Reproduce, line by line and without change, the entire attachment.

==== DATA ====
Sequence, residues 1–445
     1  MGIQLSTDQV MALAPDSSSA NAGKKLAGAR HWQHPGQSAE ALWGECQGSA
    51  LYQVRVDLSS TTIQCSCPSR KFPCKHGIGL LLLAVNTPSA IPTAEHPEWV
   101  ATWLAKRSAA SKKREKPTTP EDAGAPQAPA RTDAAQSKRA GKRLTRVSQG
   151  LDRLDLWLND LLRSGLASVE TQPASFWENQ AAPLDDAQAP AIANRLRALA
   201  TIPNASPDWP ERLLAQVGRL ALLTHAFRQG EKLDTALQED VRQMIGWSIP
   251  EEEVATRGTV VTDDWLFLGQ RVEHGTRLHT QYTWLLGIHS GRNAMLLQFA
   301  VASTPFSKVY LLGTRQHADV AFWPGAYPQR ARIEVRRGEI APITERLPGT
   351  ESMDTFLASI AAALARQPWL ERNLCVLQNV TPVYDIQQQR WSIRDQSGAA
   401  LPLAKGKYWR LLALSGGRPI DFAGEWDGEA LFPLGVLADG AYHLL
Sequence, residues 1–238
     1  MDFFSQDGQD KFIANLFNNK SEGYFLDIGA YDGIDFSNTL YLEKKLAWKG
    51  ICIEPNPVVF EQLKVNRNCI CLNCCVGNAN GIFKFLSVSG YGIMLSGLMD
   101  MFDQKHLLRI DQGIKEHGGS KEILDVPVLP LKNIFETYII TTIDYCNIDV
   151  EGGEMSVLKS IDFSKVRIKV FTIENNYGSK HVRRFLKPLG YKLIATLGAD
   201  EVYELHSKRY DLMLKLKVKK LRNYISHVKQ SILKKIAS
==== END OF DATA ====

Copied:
Sequence, residues 1–445
     1  MGIQLSTDQV MALAPDSSSA NAGKKLAGAR HWQHPGQSAE ALWGECQGSA
    51  LYQVRVDLSS TTIQCSCPSR KFPCKHGIGL LLLAVNTPSA IPTAEHPEWV
   101  ATWLAKRSAA SKKREKPTTP EDAGAPQAPA RTDAAQSKRA GKRLTRVSQG
   151  LDRLDLWLND LLRSGLASVE TQPASFWENQ AAPLDDAQAP AIANRLRALA
   201  TIPNASPDWP ERLLAQVGRL ALLTHAFRQG EKLDTALQED VRQMIGWSIP
   251  EEEVATRGTV VTDDWLFLGQ RVEHGTRLHT QYTWLLGIHS GRNAMLLQFA
   301  VASTPFSKVY LLGTRQHADV AFWPGAYPQR ARIEVRRGEI APITERLPGT
   351  ESMDTFLASI AAALARQPWL ERNLCVLQNV TPVYDIQQQR WSIRDQSGAA
   401  LPLAKGKYWR LLALSGGRPI DFAGEWDGEA LFPLGVLADG AYHLL
Sequence, residues 1–238
     1  MDFFSQDGQD KFIANLFNNK SEGYFLDIGA YDGIDFSNTL YLEKKLAWKG
    51  ICIEPNPVVF EQLKVNRNCI CLNCCVGNAN GIFKFLSVSG YGIMLSGLMD
   101  MFDQKHLLRI DQGIKEHGGS KEILDVPVLP LKNIFETYII TTIDYCNIDV
   151  EGGEMSVLKS IDFSKVRIKV FTIENNYGSK HVRRFLKPLG YKLIATLGAD
   201  EVYELHSKRY DLMLKLKVKK LRNYISHVKQ SILKKIAS